NAND Flash components Intel® Single-Level Cell (SLC) NAND Flash Memory
10 Parallel Channel Architecture with 50nm SLC ONFI 1.0 NAND
Bandwidth Sustained sequential read: up to 250 MB/s
Sustained sequential write: up to 170 MB/s
Read Latency 75 microseconds
I/O Per Second (IOPS) Random 4KB Reads: >35,000 IOPS
Random 4KB Writes: >3,300 IOPS
Interface SATA 1.5 Gb/s and 3.0 Gb/s
Form factor 2.5" industry standard hard drive form factor
Compatibility SATA Revision 2.6 Compliant. Compatible with SATA 3 Gb/s with Native Command Queuing and SATA 1.5 Gb/s interface rates
Life expectancy 2 Million Hours Mean Time Before Failure (MTBF)
Power consumption Active: 2.4W Typical (server workload¹)
Idle (DIPM): 0.06 W Typical
Operating shock 1,000G / 0.5ms
Voltage 5V SATA supply rail
Operating temperature 0°C to +70°C
RoHS compliant Meets the requirements of EU RoHS Compliance Directives
Product health monitoring Self-Monitoring, Analysis and Reporting Technology (S.M.A.R.T.) commands, plus additional SSD monitoring

Technical specifications (Mainstream SSD)

Model Name Intel® X18-M Mainstream SATA Solid-State Drive
Intel® X25-M Mainstream SATA Solid-State Drive
Capacity 80GB and 160GB
NAND Flash Components Intel® Multi-Level Cell (MLC) NAND Flash Memory
10 Channel Parallel Architecture with 50nm MLC ONFI 1.0 NAND
Bandwidth Up to 250MB/s Read Speeds
Up to 70MB/s Write Speeds
Read Latency 85 microseconds
Interface SATA 1.5 Gb/s and 3.0 Gb/s
Form factor X18-M: 1.8" Industry Standard Hard Drive Form Factor
X25-M: 2.5" Industry Standard Hard Drive Form Factor
Compatibility SATA Revision 2.6 Compliant. Compatible with SATA 3.0 Gb/s with Native Command Queuing and SATA 1.5 Gb/s interface rates
Life expectancy 1.2 million hours Mean Time Before Failure (MTBF)
Power consumption Active: 150mW Typical (PC workload¹)
Idle (DIPM): 0.06W Typical
Operating shock 1,000G / 0.5ms
Operating temperature 0°C to +70°C
RoHS Compliance Meets the requirements of EU RoHS Compliance Directives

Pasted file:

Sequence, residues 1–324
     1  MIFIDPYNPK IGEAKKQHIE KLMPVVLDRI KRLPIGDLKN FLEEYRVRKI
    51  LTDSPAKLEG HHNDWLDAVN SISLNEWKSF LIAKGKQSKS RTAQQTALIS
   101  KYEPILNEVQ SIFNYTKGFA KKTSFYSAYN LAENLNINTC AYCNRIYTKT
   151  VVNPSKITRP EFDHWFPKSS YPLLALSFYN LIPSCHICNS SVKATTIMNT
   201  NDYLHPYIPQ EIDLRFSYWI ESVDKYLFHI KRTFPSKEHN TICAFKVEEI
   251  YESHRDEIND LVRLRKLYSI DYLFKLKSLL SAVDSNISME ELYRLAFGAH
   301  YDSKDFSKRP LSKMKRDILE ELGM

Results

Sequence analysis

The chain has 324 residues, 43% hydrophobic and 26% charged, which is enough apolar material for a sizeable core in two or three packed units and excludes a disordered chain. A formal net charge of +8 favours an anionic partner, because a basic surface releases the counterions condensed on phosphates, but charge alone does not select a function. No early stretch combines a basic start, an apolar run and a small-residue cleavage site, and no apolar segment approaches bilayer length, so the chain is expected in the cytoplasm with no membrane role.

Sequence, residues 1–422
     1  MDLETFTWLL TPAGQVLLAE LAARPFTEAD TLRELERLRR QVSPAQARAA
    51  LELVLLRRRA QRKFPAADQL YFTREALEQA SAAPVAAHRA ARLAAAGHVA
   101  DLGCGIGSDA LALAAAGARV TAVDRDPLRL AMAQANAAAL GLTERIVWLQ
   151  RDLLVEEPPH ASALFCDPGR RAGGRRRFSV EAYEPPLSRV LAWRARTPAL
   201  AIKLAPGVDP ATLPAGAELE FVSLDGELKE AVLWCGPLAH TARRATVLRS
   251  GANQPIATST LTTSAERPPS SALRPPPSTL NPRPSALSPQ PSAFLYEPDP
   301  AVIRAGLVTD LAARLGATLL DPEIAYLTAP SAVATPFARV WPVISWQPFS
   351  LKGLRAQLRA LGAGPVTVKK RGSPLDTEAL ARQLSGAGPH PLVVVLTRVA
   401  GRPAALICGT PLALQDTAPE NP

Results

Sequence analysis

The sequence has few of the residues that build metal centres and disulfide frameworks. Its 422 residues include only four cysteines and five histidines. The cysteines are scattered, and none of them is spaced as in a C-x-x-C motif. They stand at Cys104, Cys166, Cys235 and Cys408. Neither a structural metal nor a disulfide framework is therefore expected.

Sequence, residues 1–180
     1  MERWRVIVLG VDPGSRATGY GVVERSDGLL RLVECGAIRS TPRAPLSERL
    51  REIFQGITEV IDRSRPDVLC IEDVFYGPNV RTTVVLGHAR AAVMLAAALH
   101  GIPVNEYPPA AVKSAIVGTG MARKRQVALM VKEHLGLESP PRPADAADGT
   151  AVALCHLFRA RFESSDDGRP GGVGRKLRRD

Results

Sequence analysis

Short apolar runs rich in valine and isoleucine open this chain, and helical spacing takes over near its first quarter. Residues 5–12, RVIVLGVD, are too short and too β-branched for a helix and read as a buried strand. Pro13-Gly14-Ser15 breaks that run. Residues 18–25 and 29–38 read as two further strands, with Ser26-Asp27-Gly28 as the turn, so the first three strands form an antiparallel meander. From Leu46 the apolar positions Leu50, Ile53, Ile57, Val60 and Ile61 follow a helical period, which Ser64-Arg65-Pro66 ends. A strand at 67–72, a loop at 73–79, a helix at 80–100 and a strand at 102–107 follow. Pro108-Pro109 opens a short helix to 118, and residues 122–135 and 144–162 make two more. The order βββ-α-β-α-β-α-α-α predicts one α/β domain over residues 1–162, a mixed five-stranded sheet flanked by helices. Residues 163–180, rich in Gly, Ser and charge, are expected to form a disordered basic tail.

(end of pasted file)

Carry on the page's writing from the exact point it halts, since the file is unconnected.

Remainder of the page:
Product health monitoring Self-Monitoring, Analysis and Reporting Technology (S.M.A.R.T.) commands plus additional SSD monitoring

I have looked at other proprietary SSD / RAMDISK solutions over the years, and they were always insanely expensive to say the least, and the performance just wasn't worth the investment. In the past, most drives were tiny by comparison (4GB, 8GB, and maybe 16GB) for insane prices (yes, thousands; even for tiny capacities).

But now, with these new mainstream Intel SSD drives, things are about to change in a big, industry-transformational, way (and, in a "green" way too - from massive power savings and reduced cooling requirements). You wait, and you will see. The end of the hard-drive as we know it is coming, and SSDs are going to become the "standard", and I have a feeling Intel is going to lead the way with Solid State Drives using their dominant technology brand and value-proposition.

I will be anxiously awaiting the shipment-date so I can get my hands on a few of these drives. The possibilities are just too wonderful to not try these drives out in my production systems! And, even for the higher price (which, I expect will fall considerably as early as next year when production ramps up), I should see instant returns on investment by replacing my disk-drives that I launch VMware Virtual Machines from, drives that I have SQL-Server database on, and so on. My electric bill is certainly going to show some downward movement!

If you want more detailed information, I found a nice article at TG Daily - Intel SSD Discussion.

Intel announced a $595 pricetag for the mainstream 80GB SSD, which comes in 1.8-inch (X18-M) or 2.5-inch (X25-M) sizes for the same price; the 160GB version is coming later this year (Q4), and pricing has not yet been announced.

For this price, I will definitely grab a couple and put them to use in my primary desktop and notebook to see how they perform. If they meet expectations, I'll soon thereafter upgrade my servers.

I saw that PC Connection has a web-page listing the SKU for the 80GB mainstream model (Intel X25M) for $731.35 (though, the Manufacturer Part Number (SKU) being shown is SSDSA2MH080G1C5, which is supposedly a 5-pack, is obviously incorrect). I expect other vendors to have pricing online soon, and to hit Intel's target pricetag (or perhaps undercut a bit for the large volume dealers, since Intel's pricing was for 1000 or less drives - which suggests a volume disount above 1000 drives). Heck, some data-centers easily have over 1000 drives, if not 10,000... perhaps they should buy direct from Intel :)

No comments: